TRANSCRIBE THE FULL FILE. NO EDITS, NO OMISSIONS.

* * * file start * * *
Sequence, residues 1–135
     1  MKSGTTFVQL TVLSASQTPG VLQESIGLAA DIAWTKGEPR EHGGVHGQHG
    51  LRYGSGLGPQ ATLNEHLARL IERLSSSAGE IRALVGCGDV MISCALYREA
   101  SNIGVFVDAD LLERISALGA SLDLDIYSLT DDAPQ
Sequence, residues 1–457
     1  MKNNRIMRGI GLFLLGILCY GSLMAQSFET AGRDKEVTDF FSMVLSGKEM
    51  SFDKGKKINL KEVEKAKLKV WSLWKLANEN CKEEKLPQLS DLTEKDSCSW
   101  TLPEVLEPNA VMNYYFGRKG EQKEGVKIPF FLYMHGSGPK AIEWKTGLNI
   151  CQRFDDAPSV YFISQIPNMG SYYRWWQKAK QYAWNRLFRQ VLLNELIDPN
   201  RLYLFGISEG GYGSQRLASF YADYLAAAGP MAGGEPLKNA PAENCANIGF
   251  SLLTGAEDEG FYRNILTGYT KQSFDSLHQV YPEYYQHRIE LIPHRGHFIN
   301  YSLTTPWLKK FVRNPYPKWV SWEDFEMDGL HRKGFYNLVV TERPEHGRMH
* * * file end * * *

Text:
Sequence, residues 1–135
     1  MKSGTTFVQL TVLSASQTPG VLQESIGLAA DIAWTKGEPR EHGGVHGQHG
    51  LRYGSGLGPQ ATLNEHLARL IERLSSSAGE IRALVGCGDV MISCALYREA
   101  SNIGVFVDAD LLERISALGA SLDLDIYSLT DDAPQ
Sequence, residues 1–457
     1  MKNNRIMRGI GLFLLGILCY GSLMAQSFET AGRDKEVTDF FSMVLSGKEM
    51  SFDKGKKINL KEVEKAKLKV WSLWKLANEN CKEEKLPQLS DLTEKDSCSW
   101  TLPEVLEPNA VMNYYFGRKG EQKEGVKIPF FLYMHGSGPK AIEWKTGLNI
   151  CQRFDDAPSV YFISQIPNMG SYYRWWQKAK QYAWNRLFRQ VLLNELIDPN
   201  RLYLFGISEG GYGSQRLASF YADYLAAAGP MAGGEPLKNA PAENCANIGF
   251  SLLTGAEDEG FYRNILTGYT KQSFDSLHQV YPEYYQHRIE LIPHRGHFIN
   301  YSLTTPWLKK FVRNPYPKWV SWEDFEMDGL HRKGFYNLVV TERPEHGRMH